The Musician's Way: A Guide to Practice, Performance, and Wellness.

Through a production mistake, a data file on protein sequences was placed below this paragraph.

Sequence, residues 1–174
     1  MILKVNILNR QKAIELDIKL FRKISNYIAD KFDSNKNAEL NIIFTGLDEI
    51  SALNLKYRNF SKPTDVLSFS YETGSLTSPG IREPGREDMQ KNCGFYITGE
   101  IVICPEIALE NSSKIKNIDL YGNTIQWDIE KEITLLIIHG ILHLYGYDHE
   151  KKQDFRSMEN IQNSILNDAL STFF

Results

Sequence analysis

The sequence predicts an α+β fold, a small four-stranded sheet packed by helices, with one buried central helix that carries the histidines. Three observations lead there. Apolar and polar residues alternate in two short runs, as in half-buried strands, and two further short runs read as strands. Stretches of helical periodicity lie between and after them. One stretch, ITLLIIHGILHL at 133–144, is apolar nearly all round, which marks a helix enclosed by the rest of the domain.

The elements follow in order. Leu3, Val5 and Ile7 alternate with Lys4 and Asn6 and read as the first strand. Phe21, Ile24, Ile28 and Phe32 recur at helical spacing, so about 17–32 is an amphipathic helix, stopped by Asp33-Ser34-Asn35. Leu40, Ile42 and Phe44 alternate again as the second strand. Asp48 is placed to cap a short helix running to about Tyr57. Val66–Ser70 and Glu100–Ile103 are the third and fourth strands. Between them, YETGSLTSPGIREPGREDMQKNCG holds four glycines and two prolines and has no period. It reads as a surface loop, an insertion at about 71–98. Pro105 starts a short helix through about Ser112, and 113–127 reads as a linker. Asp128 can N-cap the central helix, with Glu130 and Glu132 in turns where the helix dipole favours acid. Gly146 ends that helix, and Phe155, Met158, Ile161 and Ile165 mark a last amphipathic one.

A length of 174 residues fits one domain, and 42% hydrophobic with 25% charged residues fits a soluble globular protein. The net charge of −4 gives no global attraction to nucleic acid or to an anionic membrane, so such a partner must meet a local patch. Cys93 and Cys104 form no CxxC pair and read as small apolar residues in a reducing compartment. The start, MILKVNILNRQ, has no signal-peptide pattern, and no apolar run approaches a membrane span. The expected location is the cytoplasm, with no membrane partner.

In the fall of 2004 a group of medical professionals, musicians, music educators, and representatives from over twenty music organizations and associations came together in a historic conference, Health Promotion in Schools of Music (HPSOM), in Fort Worth, Texas. They focused their efforts on research and collaboration, and on methods for integrating wellness information into the university music curriculum. Since that time, many of the participants have been motivated to further these goals, and as a result workshops, courses, and publications have proliferated in the ensuing years. Gerald Klickstein, one of the HPSOM participants, shares what he has learned in over thirty years as a performing musician and music educator along with adding a comprehensive synthesis from the research and experience of many of his colleagues in The Musician's Way: A Guide to Practice, Performance, and Wellness.